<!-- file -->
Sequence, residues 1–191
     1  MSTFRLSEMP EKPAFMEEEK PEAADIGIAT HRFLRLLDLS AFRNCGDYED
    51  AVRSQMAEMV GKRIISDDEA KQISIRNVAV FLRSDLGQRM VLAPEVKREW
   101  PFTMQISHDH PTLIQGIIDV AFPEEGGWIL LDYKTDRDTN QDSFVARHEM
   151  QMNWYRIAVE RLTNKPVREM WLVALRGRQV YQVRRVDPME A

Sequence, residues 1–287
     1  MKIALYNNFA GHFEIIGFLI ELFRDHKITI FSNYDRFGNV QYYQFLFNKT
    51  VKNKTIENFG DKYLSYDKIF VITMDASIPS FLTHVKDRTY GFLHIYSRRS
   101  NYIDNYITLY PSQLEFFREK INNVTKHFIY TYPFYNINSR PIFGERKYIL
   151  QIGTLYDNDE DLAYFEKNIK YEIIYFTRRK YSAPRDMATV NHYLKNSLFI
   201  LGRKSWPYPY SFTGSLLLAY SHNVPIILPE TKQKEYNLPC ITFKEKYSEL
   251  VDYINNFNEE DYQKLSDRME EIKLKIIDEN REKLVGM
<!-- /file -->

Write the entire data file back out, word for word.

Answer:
Sequence, residues 1–191
     1  MSTFRLSEMP EKPAFMEEEK PEAADIGIAT HRFLRLLDLS AFRNCGDYED
    51  AVRSQMAEMV GKRIISDDEA KQISIRNVAV FLRSDLGQRM VLAPEVKREW
   101  PFTMQISHDH PTLIQGIIDV AFPEEGGWIL LDYKTDRDTN QDSFVARHEM
   151  QMNWYRIAVE RLTNKPVREM WLVALRGRQV YQVRRVDPME A

Sequence, residues 1–287
     1  MKIALYNNFA GHFEIIGFLI ELFRDHKITI FSNYDRFGNV QYYQFLFNKT
    51  VKNKTIENFG DKYLSYDKIF VITMDASIPS FLTHVKDRTY GFLHIYSRRS
   101  NYIDNYITLY PSQLEFFREK INNVTKHFIY TYPFYNINSR PIFGERKYIL
   151  QIGTLYDNDE DLAYFEKNIK YEIIYFTRRK YSAPRDMATV NHYLKNSLFI
   201  LGRKSWPYPY SFTGSLLLAY SHNVPIILPE TKQKEYNLPC ITFKEKYSEL
   251  VDYINNFNEE DYQKLSDRME EIKLKIIDEN REKLVGM